On a bright and sunny afternoon in London Dr Joanne Backhouse, from the University of Liverpool’s Continuing Education department, led a group of our enthusiastic students through a guided tour of the Egyptian collection in the British Museum. Joanne, who is an expert Egyptologist, escorted a rapt audience through the museum. This included a tour of the sculpture gallery, coming face to face with some of Egypt’s greatest rulers, for example Amenhotep III and Rameses II.
The museum displays the largest collection of Egyptian objects outside of Egypt. They have been an integral part of the British Museum since its founding in 1753. With galleries covering two floors, the collection includes Egyptian sculpture, Egyptian life and death, Early Egypt and Nubia. Joanne, whose previous courses include, Images of the Divine: Gods and Goddesses of Ancient Egypt and Feasting, Festivals and Jollification in Ancient Egypt, is one of our most popular Egyptologist tutors and the perfect guide to the collections. This visit was an optional extra to a course Joanne has just run in the department, Art in Museums, The Treasures of Ancient Egypt. This allowed the students to see artefacts first hand that had been discussed in the classroom. Joanne will be conducting a similar visit next year to the Petrie Museum on the 18th March 2019. This will be an optional extra to Joanne’s course on Pre-dynastic Egypt, Before the Pyramids: The Artists of Ancient Egype running Feb 2019.
The tour began in the Egyptian Sculpture gallery that houses the Rosetta Stone – the key to understanding Egyptian Hieroglyphs. A replica is available in the Enlightenment Gallery for close study, as demonstrated by Mary who had joined the group from Watford Even though I have visited many times I learnt new facts. I enjoyed sneaking off to see the replica Rosetta Stone in the Enlightenment Gallery as this doesn’t get swamped with tourists like the real one
After lunch the group moved upstairs to the Nebamun gallery, where the tomb of the New Kingdom official has been recreated using 11 fragments and contemporaneous objects. The fragments are masterpieces of Egyptian art. Joanne used the images, including the banquet scene and table of offerings, to explain the functions of Egyptian tombs and the symbolism inherent in the imagery l have visited the British Museum many times many times but it you understand so much more when accompanied by an Egyptologist. I had never really studied the Nebamun gallery before, but Dr. Backhouse's knowledge and enthusiasm brought the exhibitions to life and showed me what l had missed said student Rose Jackson, pictured below.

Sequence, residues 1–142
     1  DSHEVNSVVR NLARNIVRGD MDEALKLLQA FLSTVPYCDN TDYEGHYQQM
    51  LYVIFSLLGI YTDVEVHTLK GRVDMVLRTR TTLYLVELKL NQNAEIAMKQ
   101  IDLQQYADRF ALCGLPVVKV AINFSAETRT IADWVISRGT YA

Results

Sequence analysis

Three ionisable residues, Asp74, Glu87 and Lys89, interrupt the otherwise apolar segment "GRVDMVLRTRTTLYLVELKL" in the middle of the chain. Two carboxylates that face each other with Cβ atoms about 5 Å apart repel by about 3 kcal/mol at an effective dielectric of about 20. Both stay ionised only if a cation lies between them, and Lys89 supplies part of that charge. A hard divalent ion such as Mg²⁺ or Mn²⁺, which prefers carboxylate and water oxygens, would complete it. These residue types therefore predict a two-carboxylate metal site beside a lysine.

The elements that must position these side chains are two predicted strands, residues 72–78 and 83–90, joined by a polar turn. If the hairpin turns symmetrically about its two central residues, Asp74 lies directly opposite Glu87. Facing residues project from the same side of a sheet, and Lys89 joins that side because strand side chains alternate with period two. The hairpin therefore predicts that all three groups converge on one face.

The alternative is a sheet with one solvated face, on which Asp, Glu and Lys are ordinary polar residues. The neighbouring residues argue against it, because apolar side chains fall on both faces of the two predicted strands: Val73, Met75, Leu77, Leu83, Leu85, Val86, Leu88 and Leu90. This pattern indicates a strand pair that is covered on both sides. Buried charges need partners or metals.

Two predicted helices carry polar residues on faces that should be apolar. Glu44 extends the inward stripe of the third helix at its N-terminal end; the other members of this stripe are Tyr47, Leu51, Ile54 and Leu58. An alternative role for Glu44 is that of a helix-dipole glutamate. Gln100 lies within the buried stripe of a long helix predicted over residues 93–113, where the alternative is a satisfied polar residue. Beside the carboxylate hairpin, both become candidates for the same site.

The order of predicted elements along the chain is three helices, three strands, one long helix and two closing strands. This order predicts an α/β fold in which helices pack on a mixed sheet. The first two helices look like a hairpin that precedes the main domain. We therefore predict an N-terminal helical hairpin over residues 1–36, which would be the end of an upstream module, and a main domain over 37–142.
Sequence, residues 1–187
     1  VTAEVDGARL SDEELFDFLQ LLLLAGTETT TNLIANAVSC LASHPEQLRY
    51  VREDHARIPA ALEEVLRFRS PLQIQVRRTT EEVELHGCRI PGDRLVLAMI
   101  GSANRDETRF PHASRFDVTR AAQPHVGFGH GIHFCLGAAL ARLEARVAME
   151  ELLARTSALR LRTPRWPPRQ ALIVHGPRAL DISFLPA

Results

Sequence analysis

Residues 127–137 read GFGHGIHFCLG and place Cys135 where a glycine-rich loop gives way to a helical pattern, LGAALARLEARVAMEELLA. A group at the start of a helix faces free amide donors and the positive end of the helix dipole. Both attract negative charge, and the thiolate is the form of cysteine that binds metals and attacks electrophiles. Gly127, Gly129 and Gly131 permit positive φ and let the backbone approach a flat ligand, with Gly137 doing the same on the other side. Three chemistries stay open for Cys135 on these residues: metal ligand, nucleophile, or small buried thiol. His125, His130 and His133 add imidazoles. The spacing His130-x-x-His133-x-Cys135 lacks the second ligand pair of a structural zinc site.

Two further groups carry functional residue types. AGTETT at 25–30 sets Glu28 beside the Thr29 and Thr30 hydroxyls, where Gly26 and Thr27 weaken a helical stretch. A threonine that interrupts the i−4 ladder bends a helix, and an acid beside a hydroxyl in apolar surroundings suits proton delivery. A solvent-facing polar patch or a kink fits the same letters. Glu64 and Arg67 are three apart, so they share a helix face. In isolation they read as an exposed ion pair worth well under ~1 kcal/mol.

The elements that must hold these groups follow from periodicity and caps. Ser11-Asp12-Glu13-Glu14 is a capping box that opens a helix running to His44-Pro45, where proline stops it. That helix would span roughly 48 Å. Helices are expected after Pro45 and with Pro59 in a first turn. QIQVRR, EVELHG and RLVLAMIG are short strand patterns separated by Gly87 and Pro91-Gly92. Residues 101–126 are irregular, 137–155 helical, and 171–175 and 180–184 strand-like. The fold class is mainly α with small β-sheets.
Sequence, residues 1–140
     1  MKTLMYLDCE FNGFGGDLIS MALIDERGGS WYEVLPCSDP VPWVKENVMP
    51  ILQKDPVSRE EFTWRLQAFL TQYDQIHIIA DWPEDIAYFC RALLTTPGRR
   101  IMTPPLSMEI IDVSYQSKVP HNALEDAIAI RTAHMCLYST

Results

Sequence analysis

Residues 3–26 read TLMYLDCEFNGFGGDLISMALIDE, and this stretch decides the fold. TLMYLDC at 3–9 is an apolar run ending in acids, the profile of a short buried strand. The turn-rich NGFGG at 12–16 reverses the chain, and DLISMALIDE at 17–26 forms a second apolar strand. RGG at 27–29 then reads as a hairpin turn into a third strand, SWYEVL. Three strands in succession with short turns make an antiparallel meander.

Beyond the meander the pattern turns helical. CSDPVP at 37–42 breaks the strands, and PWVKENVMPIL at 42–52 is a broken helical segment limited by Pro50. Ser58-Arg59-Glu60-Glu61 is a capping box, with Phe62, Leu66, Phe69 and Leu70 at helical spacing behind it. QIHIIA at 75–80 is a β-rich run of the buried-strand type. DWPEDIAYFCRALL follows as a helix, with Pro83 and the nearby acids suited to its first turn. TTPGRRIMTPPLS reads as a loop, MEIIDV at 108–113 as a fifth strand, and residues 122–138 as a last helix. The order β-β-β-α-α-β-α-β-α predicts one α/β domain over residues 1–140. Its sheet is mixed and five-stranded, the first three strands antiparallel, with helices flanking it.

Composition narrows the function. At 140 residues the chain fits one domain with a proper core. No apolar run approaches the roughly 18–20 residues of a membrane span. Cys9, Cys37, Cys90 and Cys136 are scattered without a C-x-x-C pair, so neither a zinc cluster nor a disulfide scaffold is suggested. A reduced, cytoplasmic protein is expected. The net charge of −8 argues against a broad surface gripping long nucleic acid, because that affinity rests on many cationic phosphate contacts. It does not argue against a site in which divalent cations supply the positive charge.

After which the tour proceeded to the Early Egypt gallery, which houses objects over 6000 years old, illustrating Pre-dynastic and Early Dynastic Egypt. Joanne discussed continuity and change in the art of ancient Egypt. Before moving onto the Nubia gallery which contains artefacts which illustrate the cultural interaction between Egypt and her southern neighbour.
This was an enjoyable and thought-provoking journey through ancient Egypt and an incredibly positive experience for the students, many of whom travelled with Joanne from the North West to London, or they had travelled from the South West and joined the group at the museum. It was a pleasure and privilege to lead a tour around the British Museum, using the art and artefacts to bring to life concepts discussed in the classroom. The Nebamun gallery is a personal favourite of mine and I never tire of looking at the beautiful images created over 3000 years ago. Discussions with the students were stimulating and provided new insights Said Joanne. if Joanne does another London session I will definitely book added Mary.
Joanne will once again be teaching for Continuing Education in 2018/19. The Jewell Box of Ancient Egypt begins on the 5 October for 10 weeks and you can read about the course and enrol here. In March Dr Backhouse will lead a trip to the Petrie Museum at the University College London for more information on that trip, and to enrol click here.
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